23 PSYCHOSOCIAL DEVELOPMENT Girls also act aggressively toward peers, but usually socially, not physically

24 Gender Boys are more likely than girls to:  Associate in larger clusters  Engage in competition, conflict, ego displays, risk taking, dominance seeking Girls are more likely than boys to:  Engage in collaborative discourse

25 Culture Some countries restrict adolescents’ access to peers  Engage in more peer interaction during school In some countries peers play larger role

26 Dating and Romantic Relationships Illustration copyright © 2002 Used with permission. Functions of Dating  Recreation  Status  Socialization

27 Dating and Romantic Relationships Types of Dating  Heterosexual Romantic Relationships  Romantic Relationships in Sexual Minority Youth Myths Sexual minority youth struggle All sexual minority youth have same-sex attractions Sexual minority youth always fall in love with same sex

28 Love and Its Construction Romantic Love:  Strong sexual and infatuation components  Often predominates in the early part of a love relationship

29 Love and Its Construction Affectionate Love:  This occurs when individuals desire to have another person near and have a deep, caring affection for that person

30 Gender and Culture Male and Female Dating Scripts Dating scripts: The cognitive models that adolescents and adults use to guide and evaluate dating interactions

31 Ethnicity and Culture Sociocultural context  Influences dating patterns Religious beliefs and values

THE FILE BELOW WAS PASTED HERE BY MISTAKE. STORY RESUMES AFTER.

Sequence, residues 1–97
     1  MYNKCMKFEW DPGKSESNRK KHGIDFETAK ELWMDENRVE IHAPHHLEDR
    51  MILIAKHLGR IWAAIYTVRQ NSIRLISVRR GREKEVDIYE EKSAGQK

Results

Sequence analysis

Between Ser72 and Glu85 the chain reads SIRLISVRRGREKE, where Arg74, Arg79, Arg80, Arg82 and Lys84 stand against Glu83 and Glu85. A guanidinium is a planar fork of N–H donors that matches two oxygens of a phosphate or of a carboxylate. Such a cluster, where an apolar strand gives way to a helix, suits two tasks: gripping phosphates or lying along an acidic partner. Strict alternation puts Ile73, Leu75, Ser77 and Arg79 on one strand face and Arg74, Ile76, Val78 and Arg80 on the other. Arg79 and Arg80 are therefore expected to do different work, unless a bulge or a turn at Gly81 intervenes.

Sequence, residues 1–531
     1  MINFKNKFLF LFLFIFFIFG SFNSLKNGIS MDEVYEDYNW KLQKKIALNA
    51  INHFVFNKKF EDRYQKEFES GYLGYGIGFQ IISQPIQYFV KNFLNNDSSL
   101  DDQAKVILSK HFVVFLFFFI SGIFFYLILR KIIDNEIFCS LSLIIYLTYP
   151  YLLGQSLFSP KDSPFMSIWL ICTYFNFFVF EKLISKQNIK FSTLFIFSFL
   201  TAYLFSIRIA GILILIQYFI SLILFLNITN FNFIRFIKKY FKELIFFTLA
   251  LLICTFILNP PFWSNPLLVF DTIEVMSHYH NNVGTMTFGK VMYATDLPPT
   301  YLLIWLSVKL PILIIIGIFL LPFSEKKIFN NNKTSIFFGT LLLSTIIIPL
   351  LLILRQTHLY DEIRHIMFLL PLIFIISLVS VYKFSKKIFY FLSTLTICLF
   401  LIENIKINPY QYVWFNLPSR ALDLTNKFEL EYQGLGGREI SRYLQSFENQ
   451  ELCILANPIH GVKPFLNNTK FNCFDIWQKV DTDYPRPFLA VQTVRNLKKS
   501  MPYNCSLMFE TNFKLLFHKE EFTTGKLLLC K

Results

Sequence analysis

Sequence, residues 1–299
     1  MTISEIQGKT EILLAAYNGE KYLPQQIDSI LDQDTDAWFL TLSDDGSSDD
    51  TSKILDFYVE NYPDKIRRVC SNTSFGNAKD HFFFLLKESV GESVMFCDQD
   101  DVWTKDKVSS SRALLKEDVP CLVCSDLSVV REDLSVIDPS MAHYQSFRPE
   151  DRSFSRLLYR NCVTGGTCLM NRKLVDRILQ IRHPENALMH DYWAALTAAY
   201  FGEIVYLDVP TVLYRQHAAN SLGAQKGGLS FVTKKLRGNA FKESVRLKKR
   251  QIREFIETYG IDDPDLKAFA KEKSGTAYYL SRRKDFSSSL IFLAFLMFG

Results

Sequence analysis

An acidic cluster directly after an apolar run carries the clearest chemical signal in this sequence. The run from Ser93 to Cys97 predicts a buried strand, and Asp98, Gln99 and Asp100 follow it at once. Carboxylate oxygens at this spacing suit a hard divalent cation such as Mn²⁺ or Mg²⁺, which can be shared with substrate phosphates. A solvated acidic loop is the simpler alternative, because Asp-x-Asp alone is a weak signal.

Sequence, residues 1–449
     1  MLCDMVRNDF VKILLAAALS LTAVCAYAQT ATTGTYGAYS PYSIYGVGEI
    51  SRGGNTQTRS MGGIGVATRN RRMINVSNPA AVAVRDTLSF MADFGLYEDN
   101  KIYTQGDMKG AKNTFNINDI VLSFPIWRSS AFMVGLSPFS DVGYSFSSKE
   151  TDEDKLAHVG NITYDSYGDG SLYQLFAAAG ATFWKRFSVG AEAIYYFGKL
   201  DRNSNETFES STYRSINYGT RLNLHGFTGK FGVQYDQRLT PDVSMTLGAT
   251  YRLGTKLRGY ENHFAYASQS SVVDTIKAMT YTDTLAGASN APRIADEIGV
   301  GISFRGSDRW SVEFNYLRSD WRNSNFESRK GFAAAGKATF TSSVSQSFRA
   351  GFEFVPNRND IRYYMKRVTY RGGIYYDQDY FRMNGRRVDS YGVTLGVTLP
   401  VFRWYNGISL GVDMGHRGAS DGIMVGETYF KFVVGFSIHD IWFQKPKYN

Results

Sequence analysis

32 Age segregation Adolescents in the U.S. today are more isolated from adults and children outside their age group than ever before  age grouping in schools began in the 1930’s  Child labor laws restricted adolescents’ participation in the world of work, further isolating them from adult  Rise in maternal employment also isolated teens from adults

33 Gender/race differences · In general, adolescents tend to have far less contact with peers of other races than of their own race · This “race cleavage” tends to be stronger for females than males · Some argue that the higher concern for opposite-sex attention among girls facilitates a more competitive attitude of girls toward each other · White females are perhaps also more connected to the network of information about teachers and classes than African-American girls · Girls are also more likely to spend time in small groups than boys, which facilitates more isolation from other groups